Lesson Two: Mind Operation



Meditation is not about religion. It is a lesson of awareness. There are different types of meditation and they all bring us inner peace. Now that you have let the past go, you can meditate in peace.






Meditation goes beyond body and mind, to a state that transcends body and mind. It is not easy to describe because everyone has a different experience of meditation. You have to experience it yourself. However, it is a road with no shortcut, but if you persist, the journey will be fulfilling.

Set aside a regular time. To meditate every day at the same time is helpful, but not essential. Twice a day for a duration of between 10 to 15 minutes is probably ideal. You can meditate in a corner of your room, go outdoors, sit under a tree, or practise in any other place of your choosing. The important thing is that it must be somewhere quiet where you will not be disturbed.

Meditation is the art and science of letting go. This letting go begins with the body and then progresses to thought. The mind will come up with lots of things to avoid meditation: go and check your Facebook, or send an email, or relax; more often we follow our thoughts like a dog follows a scent. These impulses are the habit energies of the mind. It takes cunning strategies and willpower to break your old habits.

When you begin to meditate, you will experience a great rush hour traffic of thoughts. But slowly, the street becomes less crowded, with less people and less cars; the gaps between thoughts becomes larger. If one continues patiently, in time it might be possible to achieve one minute of silence without thought.










Before we start with our mind operation, let’s start with concentration. This will help us to focus during our next practice. The power of concentration is the ability to focus the mind on one single object or thought to the exclusion of everything else. Concentration is of immense value in life. It helps us work more efficiently, strengthens our memory and makes us more conscious and aware of our surroundings. Concentration is vital for creative visualisation and affirmation, but it requires practice, like any other skill. The mind may resist your efforts to control and calm it down, since it does not like to be controlled. But with simple yet effective exercises, it is possible to train the mind and teach it to focus.

Take a colourful sticker and place it on the wall where you can see it clearly. Alternatively, take a colourful book and place it on the table in front of you. Focus on the sticker or the book with all your concentration. Try not to think of anything else. If the mind wanders, gently return it to your object. It is not necessary to sit with crossed legs to do this; you can do it anywhere, even at work. And if, in casual conversation with someone, you can talk and pay more attention to that person, your concentration skills will develop.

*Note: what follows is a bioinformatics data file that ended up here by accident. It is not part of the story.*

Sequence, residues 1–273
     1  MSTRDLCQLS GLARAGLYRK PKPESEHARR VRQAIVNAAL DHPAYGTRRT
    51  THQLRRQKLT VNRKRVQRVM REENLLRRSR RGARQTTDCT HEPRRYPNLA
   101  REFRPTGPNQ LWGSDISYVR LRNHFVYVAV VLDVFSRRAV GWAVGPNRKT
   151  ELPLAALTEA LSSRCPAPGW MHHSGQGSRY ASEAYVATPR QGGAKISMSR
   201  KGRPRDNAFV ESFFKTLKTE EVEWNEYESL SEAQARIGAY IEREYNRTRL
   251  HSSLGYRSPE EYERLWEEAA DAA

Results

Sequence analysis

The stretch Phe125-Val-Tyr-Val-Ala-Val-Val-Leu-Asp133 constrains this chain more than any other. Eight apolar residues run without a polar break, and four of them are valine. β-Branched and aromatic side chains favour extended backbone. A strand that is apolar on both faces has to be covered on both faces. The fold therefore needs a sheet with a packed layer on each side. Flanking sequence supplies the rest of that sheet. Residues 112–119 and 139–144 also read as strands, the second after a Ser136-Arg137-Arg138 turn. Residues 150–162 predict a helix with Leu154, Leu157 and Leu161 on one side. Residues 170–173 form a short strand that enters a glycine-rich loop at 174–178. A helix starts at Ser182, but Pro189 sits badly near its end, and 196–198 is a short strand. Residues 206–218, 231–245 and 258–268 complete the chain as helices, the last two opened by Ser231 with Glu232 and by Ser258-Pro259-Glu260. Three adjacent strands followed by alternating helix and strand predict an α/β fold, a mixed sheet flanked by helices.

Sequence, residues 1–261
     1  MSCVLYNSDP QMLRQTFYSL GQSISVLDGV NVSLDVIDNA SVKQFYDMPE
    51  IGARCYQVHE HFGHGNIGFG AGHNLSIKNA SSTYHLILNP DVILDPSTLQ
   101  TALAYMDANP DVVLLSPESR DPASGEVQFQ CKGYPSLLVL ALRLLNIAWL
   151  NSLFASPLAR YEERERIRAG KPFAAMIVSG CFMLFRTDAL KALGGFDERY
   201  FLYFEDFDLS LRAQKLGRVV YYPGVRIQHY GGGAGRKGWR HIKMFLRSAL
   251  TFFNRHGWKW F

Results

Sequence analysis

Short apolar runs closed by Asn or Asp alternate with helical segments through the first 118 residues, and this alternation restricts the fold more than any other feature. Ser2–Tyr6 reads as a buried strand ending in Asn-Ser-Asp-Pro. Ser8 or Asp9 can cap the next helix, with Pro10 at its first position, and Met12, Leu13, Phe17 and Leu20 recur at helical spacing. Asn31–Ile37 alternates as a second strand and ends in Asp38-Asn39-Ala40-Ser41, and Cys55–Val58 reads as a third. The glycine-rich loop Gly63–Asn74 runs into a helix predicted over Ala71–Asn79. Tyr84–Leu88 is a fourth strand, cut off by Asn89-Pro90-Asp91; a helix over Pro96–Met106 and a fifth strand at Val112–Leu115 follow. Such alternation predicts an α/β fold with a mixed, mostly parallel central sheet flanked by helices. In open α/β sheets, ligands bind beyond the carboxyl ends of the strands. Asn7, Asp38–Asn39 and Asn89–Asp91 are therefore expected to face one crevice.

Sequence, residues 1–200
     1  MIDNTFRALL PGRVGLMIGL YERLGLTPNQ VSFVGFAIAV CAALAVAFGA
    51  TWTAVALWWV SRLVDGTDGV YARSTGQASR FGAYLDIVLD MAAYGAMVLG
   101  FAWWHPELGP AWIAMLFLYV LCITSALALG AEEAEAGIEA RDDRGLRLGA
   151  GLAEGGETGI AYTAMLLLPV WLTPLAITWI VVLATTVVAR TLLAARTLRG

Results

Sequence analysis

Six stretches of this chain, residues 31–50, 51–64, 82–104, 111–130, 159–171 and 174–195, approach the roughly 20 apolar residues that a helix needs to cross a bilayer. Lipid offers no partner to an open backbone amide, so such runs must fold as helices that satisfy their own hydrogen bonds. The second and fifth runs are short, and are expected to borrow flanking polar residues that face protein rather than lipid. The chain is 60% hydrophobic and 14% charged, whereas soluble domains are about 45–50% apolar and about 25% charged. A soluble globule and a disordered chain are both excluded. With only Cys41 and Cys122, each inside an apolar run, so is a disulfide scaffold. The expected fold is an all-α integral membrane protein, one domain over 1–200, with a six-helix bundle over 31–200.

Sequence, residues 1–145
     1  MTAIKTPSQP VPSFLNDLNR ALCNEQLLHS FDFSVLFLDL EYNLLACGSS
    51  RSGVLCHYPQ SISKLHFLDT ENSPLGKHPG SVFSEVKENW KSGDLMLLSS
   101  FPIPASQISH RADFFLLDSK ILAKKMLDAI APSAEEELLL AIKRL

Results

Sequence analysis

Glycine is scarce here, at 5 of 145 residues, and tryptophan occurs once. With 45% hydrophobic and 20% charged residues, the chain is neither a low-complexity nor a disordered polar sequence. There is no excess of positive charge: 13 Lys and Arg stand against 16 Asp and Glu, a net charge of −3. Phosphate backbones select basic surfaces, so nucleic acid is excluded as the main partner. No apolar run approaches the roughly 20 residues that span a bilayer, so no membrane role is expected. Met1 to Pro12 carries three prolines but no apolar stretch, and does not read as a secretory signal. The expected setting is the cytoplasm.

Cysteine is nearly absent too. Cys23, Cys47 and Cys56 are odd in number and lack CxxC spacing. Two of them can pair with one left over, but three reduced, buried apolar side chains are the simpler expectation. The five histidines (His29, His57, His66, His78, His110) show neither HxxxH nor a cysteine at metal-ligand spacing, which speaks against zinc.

Breathing or thought observation has the same method of meditation. You must set your intention to whether you are observing your breathing or your thoughts. Please just do one at a time to experience the benefit.

The observation of the reality within oneself is a method whereby one penetrates the depths of the mind in order to remove the roots of the impurities. This is what we call mind operation. Whenever anything comes into contact with the six sensory bases, a sensation occurs. The mind reacts with liking or disliking. For example, you hear a sound – if the word is praise, then a pleasant/settled sensation arises with liking, but if it is an abusive word then an unpleasant/gross sensation arises with dislike.

Since every thought, emotion and mental action is accompanied by a corresponding sensation within the body, observing the sensation means that we also observe the mind. Sensation serves as the crossroads for where the mind and body meet.

Mind operation sounds a bit scary because of the connotations of the word “operation?. But it is something that you can do in the privacy of your own home. Mind operation is a simple technique but effective. It is not a one-time shot. It is difficult – like anything that requires the mind to operate is difficult; we are all aware of the mind’s tendency to endlessly resist. Therefore, you have to work hard to pass the mind’s resistance; it has to be continuously in use in order to be effective. You may wonder at the word “operation?. It is a pain-free operation and the only tools you shall need are: intention, attention, determination, diligence, patience, and the skill to relax the body first and let the mind follow. And when suitably relaxed, you can start to observe the dark chamber of the mind within.

Whilst the body is in a relaxed state, you will start to feel a sensation. It is like a gentle itch on your body, akin to a spider or ants crawling on your back and arms, proceeding to every part of your body. This creeping is not outside but inside, and has been there the whole time, except you have never felt it due to your mind and body being so preoccupied with other things. The gross sensations come out first followed by the settle sensation or neutral sensation. Gross sensations are more negative energies while settle sensation serve as more positive energies. By the law of nature, these gross sensations (negative) and settle sensations (positive) never walk hand and hand. The negative always emerges first followed by settle or neutral sensation.